A[n] administration official familiar with the State Department's decision-making process, speaking on the condition of anonymity to discuss internal deliberations, said it is "highly unlikely that a decision will be made before the mid-term election" given the court's schedule.The Nebraska governor's office approved a new route through the state for the $5.4 billion pipeline last year. The old route was problematic, critics had said. Among other things, it endangered fragile wetlands of the state's sand hills. That was a major reason behind President Obama's 2012 rejection of TransCanada's original application to build Keystone XL. The company promptly submitted a new application with a new route through Nebraska. That's the one being contested in court.
"This is not because of politics. It’s just a reflection of the gravity of this decision," the official said. "It doesn’t make sense to have the agencies give us their best opinion on whether or not the Keystone pipeline should go forward if the information on which they base it changes dramatically, and it’s entirely possible the Nebraska Supreme Court could require a change in the route and nullify the opinions given to the Secretary of State about this project."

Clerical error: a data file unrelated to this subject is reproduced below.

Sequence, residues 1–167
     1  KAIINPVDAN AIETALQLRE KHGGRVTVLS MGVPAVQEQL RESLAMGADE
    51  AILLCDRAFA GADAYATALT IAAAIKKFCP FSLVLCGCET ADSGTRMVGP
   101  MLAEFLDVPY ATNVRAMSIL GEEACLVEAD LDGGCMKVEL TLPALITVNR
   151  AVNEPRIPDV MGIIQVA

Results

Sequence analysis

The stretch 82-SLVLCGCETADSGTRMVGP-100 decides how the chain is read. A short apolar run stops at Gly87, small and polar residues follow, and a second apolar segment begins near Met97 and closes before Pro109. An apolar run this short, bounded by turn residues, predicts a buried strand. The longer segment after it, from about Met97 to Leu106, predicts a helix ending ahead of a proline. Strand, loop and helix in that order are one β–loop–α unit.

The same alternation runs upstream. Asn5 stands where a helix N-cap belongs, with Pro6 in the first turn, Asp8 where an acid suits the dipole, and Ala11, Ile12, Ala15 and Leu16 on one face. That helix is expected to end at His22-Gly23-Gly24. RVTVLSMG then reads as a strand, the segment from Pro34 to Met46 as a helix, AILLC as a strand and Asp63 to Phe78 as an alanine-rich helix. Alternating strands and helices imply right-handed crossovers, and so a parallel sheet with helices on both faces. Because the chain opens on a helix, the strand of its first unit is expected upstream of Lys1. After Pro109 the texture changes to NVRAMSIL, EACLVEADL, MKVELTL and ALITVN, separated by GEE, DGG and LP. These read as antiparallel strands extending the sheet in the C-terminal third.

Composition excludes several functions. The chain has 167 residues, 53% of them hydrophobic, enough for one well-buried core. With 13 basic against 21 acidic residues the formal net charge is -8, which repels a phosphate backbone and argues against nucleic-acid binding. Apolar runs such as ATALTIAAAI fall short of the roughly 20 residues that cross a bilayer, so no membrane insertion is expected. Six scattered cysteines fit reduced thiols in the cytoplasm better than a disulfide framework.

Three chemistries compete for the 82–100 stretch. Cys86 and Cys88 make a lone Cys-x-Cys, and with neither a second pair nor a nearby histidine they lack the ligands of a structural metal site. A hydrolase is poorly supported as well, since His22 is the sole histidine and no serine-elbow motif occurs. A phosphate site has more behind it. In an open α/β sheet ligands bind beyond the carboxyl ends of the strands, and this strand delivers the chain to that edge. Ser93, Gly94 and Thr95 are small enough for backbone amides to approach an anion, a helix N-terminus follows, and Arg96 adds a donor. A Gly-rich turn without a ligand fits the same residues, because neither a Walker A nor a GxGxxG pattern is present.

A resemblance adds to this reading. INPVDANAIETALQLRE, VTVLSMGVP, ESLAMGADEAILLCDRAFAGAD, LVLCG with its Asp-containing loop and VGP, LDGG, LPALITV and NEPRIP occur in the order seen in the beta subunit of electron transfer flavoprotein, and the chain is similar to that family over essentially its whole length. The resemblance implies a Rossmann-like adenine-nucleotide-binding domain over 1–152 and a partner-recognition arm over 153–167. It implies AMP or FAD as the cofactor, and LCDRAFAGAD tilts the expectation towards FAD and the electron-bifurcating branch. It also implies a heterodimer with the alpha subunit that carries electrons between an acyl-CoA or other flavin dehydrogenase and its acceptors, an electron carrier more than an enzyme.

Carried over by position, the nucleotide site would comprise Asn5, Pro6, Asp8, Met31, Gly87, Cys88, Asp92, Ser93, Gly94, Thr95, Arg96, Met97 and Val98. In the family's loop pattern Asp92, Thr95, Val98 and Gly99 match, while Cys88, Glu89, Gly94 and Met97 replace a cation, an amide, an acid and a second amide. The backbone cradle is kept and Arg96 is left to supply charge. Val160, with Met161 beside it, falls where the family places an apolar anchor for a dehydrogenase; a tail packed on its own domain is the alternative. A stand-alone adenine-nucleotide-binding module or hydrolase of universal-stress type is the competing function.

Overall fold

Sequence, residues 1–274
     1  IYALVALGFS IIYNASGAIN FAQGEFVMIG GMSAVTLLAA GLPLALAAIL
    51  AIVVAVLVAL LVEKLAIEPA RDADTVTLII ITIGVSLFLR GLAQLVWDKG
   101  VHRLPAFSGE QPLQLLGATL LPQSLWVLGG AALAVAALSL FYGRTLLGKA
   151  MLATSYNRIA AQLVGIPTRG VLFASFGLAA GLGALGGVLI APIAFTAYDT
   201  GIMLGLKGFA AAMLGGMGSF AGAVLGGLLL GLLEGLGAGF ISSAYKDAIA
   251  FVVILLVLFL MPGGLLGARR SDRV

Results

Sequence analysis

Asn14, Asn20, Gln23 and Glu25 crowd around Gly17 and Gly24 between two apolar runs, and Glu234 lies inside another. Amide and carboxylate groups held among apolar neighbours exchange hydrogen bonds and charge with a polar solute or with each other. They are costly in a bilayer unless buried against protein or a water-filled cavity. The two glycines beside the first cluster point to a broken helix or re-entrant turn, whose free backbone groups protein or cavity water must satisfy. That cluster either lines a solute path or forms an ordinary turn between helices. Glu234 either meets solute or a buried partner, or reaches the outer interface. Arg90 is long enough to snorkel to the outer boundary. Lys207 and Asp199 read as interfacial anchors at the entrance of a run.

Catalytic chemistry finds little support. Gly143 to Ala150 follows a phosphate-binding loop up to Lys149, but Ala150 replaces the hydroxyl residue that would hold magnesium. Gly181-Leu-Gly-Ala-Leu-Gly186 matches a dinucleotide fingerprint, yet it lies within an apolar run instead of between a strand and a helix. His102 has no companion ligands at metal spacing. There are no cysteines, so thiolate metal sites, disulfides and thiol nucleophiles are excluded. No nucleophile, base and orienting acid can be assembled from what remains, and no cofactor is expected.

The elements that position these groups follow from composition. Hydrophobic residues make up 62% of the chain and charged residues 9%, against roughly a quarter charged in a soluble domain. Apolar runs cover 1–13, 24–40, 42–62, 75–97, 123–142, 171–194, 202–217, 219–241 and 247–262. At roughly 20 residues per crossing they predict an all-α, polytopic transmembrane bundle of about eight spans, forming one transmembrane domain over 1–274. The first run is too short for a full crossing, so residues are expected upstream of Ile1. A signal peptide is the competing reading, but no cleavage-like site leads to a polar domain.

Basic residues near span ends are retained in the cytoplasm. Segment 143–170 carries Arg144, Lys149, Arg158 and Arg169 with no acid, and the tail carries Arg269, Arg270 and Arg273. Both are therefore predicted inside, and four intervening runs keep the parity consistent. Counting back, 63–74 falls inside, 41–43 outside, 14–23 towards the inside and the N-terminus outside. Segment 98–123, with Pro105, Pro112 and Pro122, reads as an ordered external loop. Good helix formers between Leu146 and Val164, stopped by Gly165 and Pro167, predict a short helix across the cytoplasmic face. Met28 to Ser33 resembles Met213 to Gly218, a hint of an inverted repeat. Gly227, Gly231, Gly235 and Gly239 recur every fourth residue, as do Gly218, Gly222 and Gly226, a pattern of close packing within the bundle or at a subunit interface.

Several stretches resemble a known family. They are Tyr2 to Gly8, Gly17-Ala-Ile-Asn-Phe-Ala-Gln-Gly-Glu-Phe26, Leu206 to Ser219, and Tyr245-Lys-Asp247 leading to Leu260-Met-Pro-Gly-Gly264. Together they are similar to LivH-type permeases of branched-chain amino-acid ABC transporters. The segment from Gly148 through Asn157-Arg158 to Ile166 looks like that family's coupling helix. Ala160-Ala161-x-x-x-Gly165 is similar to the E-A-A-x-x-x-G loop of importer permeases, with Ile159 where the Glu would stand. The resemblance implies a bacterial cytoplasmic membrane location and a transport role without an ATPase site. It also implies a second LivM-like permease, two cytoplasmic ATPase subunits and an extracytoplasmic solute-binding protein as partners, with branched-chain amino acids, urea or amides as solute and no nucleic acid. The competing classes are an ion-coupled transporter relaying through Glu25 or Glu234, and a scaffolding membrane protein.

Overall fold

For decades Nebraska's elected five-member Public Service Commission had overseen approval of grain warehouses, taxis, buses and power lines. The commission was established for the same reason a state railway commission was set up in the late 1800s—as a means to keep governors from doing favors to railroad corporations. In 2011, the state legislature passed the Major Oil Pipeline Siting Act, which added pipelines to the commission's purview. But it then passed another law, the Oil Pipeline Route Certification Act. This transferred authority for approving Keystone XL to the governor's office without the Public Service Commission being involved.
Gov. Republican Gov. Dave Heineman did sign off on the pipeline, giving builder TransCanada the power of eminent domain. What many saw as an end run around the approval process brought a lawsuit from three landowners along the new route. And in February, state Judge Stephanie Stacy agreed with them, ruling that the method of approval was breached the state constitution. In April, Heineman asked the Nebraska Supreme Court to overturn Stacy's ruling.
The Obama administration had previously set May as the completion date for its lengthy review of whether the pipeline is in the "national interest," a requirement for any pipeline, bridge, tunnel or tramway that crosses international boundaries. The State Department has been assessing more than 2 million public comments and the views of several federal departments to determine whether Keystone XL actually is in the national interest or falls short.
It was widely expected that Secretary of State John Kerry would present his recommendation on the pipeline to President Obama sometime in May or early June. But the administration decided in April that it would wait until resolution of the Nebraska routing appeal.